However, little has been done to signal to the public in times of financial crisis. In financial crisis information asymmetry gets worse with counterparties not trusting each other. This leads to chaos with rumors and speculations worsening the situation. This has led developed economies policymakers to take steps like banning short-selling. There are 2 broad signaling approaches- one, reveal the true extent of the crisis upfront and suggest policies to overcome them (as Sweden did in its 1992 crisis). Two, take policy steps as the crisis shapes up (just like US has done in this crisis). The advantage with first approach is a disadvantage with second approach. In first, advantage is it leads to admission of the problem curbing speculations and rumors; disadvantage – one needs to be sure of the losses otherwise the plan backfires. With second, advantage is one can make polices as the crisis unfolds; disadvantage – public is never sure of what is coming next leading to speculations.


Hence, one is never sure of which approach to take and the result is for all to see. We see plans after plans being rejected by the financial markets/public. The central banks have had to cut rates higher than expectations just to provide relief to markets. The crisis is global and public is seeking consistency in the policy responses. The public easily sees the divergence and continues to respond negatively.


Apart from signaling, what is needed is to apply lessons from behavioral economics. Hungary Central bank Chief said:


There is totally irrational behavior and malicious gossip on the market. I can give you an example of the gossip: ‘Hungarian banks have Icelandic exposure’ — come on, this is a joke.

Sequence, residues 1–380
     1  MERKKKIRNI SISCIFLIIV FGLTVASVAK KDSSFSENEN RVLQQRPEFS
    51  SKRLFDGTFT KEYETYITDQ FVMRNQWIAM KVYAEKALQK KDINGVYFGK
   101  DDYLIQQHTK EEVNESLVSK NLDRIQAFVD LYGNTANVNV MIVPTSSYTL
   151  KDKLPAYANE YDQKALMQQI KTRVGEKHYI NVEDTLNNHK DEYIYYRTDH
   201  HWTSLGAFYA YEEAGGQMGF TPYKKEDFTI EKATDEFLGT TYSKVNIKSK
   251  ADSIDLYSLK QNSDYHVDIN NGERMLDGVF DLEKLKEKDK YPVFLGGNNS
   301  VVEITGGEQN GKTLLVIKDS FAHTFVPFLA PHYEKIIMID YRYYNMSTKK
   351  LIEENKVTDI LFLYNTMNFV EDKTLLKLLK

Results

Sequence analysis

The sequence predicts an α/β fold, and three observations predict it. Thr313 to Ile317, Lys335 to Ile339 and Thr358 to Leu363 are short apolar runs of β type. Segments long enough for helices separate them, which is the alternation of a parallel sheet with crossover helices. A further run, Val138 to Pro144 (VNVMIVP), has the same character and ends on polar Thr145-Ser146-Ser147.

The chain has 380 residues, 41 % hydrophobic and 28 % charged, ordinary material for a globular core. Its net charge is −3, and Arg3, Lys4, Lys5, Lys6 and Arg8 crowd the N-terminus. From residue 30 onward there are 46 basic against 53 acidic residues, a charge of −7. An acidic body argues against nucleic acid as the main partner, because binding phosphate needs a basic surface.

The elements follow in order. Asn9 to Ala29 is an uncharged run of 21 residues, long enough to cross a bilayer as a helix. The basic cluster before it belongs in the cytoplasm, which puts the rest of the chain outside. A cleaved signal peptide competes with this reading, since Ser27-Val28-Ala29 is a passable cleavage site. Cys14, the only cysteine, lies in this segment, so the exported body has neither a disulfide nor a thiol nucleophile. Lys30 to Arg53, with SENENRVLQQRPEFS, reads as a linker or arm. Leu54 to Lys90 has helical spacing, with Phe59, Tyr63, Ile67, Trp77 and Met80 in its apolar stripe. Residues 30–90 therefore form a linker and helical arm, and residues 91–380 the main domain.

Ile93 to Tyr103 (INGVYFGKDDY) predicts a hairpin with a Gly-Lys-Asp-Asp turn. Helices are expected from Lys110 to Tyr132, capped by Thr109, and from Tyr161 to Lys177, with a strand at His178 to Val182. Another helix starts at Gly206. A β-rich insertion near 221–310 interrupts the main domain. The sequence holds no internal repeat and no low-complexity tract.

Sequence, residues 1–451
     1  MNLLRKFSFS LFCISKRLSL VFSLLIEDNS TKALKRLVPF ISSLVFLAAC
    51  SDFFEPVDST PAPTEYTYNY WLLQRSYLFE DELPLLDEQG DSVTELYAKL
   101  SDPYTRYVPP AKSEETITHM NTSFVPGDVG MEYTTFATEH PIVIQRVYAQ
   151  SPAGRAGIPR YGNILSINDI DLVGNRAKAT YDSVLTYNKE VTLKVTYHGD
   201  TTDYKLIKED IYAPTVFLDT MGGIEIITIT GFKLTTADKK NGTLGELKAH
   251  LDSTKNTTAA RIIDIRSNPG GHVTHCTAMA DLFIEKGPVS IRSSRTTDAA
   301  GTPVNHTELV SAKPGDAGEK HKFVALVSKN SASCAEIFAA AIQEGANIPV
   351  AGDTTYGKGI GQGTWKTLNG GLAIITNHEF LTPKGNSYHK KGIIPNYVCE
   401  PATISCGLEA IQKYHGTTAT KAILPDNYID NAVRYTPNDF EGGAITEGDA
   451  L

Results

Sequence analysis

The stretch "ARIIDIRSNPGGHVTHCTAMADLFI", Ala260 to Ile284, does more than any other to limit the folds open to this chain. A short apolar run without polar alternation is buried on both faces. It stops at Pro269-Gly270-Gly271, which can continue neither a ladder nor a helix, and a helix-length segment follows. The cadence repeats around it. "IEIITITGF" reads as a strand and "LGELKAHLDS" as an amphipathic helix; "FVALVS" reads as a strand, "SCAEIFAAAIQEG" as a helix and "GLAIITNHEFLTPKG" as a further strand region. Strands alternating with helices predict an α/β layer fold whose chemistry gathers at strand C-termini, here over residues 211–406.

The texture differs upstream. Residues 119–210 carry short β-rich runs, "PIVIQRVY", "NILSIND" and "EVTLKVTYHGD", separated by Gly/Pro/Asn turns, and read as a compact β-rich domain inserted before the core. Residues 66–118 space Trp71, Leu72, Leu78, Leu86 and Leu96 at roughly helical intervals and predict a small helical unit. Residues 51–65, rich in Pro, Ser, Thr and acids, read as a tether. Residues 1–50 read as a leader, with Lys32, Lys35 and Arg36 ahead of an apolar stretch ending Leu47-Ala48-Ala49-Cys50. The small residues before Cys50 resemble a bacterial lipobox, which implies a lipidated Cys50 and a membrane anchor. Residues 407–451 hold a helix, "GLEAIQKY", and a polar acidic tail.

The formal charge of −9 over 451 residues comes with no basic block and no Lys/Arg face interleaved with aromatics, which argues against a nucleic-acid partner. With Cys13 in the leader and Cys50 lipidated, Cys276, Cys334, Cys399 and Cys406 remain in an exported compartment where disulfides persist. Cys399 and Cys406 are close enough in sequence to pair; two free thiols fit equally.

In today’s world you need a psychologist and not an economist to understand markets. When these things are happening you have to take every possible precaution to protect yourself, it doesn’t matter whether it’s logical or not logical.

One can see some lessons being applied already. New Zealand used an opt-in default strategy where banks had to choose to be part of the deposit guarantee program. The opposite is opt-out under which all banks would have been covered and if a bank didn’t want it could have opted out from the scheme. The main reason could be that NZ wanted to provide the signal that its banking and financial system is safe and it does not see any bank being affected. The same strategy backfired in Germany. German banks were in a worse shape, but if they opted for the scheme it would have sent the signal of its bad position to markets. As a result German Banks suffered. The same problem was also seen in Discount rate facility of Fed with no participant wanting to opt for it. As a result a separate facility called Term Auction Facility was used. Alternatively, in UK and France opt-out strategy of bank re-capitalisation was enforced.


To conclude, apart from debates on optimal policy responses we need to also focus on signaling and behavioral economics during the crisis. There is little research and awareness of the matter. May be we can ask Michael Spence (along with Daniel Kahnemann, Richard Thaler ) to step out from Growth Commission and help guide policymakers on this matter. This would help the cause of Growth Commission, as with frequent financial crisis, sustained growth is only likely to suffer.

One Response to “How should policymakers signal/communicate in times of fin crisis?”

  1. An insight into US Treasury fire-fighting policies « Mostly Economics Says:

    […] had written a very detailed post on the same issue a while back. The main challenge for policymakers remains to fight the crisis but […]